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Conformed to Perform

When gaited-horse owners purchase a particular breed, they tend to expect the horse to naturally perform the gait considered standard for that breed. We assume, for example, that a Tennessee Walking Horse will perform a correct, natural running walk, and a Missouri Fox Trotting Horse will execute an easy fox trot.

This doesn't necessarily hold true. The gait that the horse will perform naturally isn't based on his breed, but rather is determined by his conformation, as I'll explain here. Like all living creatures, function follows form.

It's imperative to consider your horse's conformation before deciding which gait he "should" perform under saddle. It'll be easier for you, and far better for your horse, to work with his natural abilities than to try to "make the gait" by anything other than safe, natural, easy-to-master fitting and riding techniques.

Note: While I refer to the gaits in general terms, these principles apply to all kinds of gaited horses. (For a description of each gait mentioned, see "Gaits Made Simple," Smooth Talk, September/October '06.)

Forequarter Motion
A horse's shoulder and arm work together to determine the motion of his forequarters. His shoulder is measured from the front edge of his scapula, just in front of the withers, down to his point-of-shoulder. (See Photo #1, Line #1.) (On a photo of your horse, you can mark these spots with a grease pencil, then draw a line between them.) His arm is measured from the point-of-shoulder to the point-of-elbow. (See Photo #1, Line #2.)

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The arm's angle in relation to the shoulder helps determine how much lift there will be in front. An open angle indicates a high lifting step, while a closed angle indicates a low stride. If you can imagine a protractor open to various angles, you can see how an open angle provides more room for a horse's leg to lift.

If you extend an imaginary line down the line of the shoulder to the ground (see Photo #1, Line #3), you'll see how long a horse's length of stride will be. A horse with a deeply sloped shoulder will have a greater length of stride than one with a steep, upright shoulder.

A horse's arm length is also an important consideration; a horse with a long, vertically oriented arm will have greater scope, or range of motion, and less concussion to the leg, than a horse possessing a short, horizontally oriented arm.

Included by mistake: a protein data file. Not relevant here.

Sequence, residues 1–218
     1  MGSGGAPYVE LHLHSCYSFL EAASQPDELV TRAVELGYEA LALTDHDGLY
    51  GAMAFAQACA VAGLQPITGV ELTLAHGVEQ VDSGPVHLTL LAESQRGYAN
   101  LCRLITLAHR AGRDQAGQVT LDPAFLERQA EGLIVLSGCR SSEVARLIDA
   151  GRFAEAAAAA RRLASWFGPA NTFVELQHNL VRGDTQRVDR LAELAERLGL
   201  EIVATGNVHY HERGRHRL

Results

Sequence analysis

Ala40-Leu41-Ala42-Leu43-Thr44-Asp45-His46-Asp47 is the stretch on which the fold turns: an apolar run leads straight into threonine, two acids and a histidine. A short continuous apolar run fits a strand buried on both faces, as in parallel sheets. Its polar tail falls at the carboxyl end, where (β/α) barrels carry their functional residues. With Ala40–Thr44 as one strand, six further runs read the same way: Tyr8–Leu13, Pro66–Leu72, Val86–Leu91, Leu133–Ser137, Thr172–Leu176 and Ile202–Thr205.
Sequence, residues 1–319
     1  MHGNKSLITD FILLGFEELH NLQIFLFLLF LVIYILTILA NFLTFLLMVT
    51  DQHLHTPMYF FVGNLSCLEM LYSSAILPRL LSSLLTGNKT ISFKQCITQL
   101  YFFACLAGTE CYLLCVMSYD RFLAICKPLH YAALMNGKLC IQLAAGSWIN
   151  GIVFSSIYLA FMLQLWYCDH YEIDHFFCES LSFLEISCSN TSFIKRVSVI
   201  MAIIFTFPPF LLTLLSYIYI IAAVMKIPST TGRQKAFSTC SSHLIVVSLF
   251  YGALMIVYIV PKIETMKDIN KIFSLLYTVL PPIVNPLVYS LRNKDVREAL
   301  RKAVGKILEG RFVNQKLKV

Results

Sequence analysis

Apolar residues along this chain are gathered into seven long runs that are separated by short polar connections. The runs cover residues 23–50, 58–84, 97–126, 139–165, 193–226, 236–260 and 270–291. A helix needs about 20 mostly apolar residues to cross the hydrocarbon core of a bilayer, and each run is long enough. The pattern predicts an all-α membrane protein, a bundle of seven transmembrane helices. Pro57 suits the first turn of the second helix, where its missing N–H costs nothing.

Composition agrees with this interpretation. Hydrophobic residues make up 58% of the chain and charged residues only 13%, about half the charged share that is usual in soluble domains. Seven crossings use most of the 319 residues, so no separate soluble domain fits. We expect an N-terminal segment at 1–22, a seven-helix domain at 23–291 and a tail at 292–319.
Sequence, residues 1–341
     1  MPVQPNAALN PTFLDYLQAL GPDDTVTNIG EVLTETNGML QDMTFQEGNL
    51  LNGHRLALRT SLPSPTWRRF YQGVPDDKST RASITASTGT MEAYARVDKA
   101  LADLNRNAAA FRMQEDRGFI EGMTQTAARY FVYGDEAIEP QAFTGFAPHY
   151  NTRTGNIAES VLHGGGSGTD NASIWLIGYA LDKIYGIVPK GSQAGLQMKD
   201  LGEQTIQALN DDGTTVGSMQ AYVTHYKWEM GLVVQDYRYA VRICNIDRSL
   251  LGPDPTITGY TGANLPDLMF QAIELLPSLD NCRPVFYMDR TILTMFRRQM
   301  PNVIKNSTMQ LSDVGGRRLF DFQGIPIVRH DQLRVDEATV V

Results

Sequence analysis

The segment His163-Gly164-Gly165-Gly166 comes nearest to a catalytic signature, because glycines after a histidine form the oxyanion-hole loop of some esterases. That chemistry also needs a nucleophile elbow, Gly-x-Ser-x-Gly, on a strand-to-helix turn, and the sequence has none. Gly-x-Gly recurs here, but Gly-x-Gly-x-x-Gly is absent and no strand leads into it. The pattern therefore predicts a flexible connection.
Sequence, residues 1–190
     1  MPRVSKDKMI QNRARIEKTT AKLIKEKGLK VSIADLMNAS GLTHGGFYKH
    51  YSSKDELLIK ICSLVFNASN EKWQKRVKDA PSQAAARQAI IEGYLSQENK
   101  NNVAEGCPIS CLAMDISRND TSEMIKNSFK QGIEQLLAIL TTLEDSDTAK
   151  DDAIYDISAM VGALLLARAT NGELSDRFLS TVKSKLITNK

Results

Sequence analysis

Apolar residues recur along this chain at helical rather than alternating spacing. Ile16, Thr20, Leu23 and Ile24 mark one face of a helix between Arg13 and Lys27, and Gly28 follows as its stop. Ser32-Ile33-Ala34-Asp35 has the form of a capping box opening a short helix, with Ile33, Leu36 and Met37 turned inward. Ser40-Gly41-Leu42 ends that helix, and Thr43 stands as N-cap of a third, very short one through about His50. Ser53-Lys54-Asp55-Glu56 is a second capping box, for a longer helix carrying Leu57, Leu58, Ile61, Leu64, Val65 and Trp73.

A long, laid-back shoulder combined with a horizontal arm points to a horse with a long, low, sweeping stride - the ideal fox trotting "walk in front" look. A steep, upright shoulder, combined with a long, vertically oriented arm, results in a horse with a shorter length stride, but with lots of lift and "rolling" action. This is the typical "trot in front" look of a running walk.

If a horse has approximately 45-degree angles at both the shoulder and arm, resulting in a 90-degree angle between them, his stride will have average length and lift.

The laid-back shoulder of this Spotted Saddle Horse mare (Line #1) will give her a long front-stride extension. Though her arm (Line #2) is vertically oriented, the angle between shoulder and arm isn't extremely open, which will slightly limit the amount of lift demonstrated. A rule of thumb is that the arm should be at least 60 percent of the length of the shoulder. This reduces concussion with each stride, and helps keep a horse agile, and sound. This mare's arm is slightly longer than that. The slightly flat hip (Line #4), combined with a stifle joint that's not particularly high (Line #5), and legs with moderate length, combine to reduce the chance that she'll produce overstride at gait. Instead, she'll perform a natural four-beat rack. While it's impossible to determine the length of the Lumbar-Sacro area (Line #6), she appears to be tightly coupled. If this is so, she's likely to drift to a diagonally oriented gait until her rack is well-established.

Hindquarter Motion
The rule of thumb regarding open and closed angles in the forequarters holds equally true for a horse's hindquarters; that is, an open angle means greater lift of stride, while a closed angle suggests a lower, "walking" type of stride.

The hip is measured from the top point-of-hip to the point-of-buttock. (The true point-of-buttock is determined by marking the outermost point of the horse's buttock.) The thigh runs from the point-of-buttock to the stifle joint, which is the uppermost joint of the horse's back leg. An indentation in the flesh indicates where the stifle joint is located.

A long, deeply sloped hip suggests that a horse can drop down his hind end far enough to carry his weight over his hindquarters, round up through his loins and back, and collect on the bridle.

On the other hand, a horse with a very horizontal hip - especially if it's relatively short and/or higher than his withers - will limit this ability. If this is the case with your horse, work diligently to help him attain good form while working in gait to avoid him eventually becoming swaybacked or otherwise unsound.

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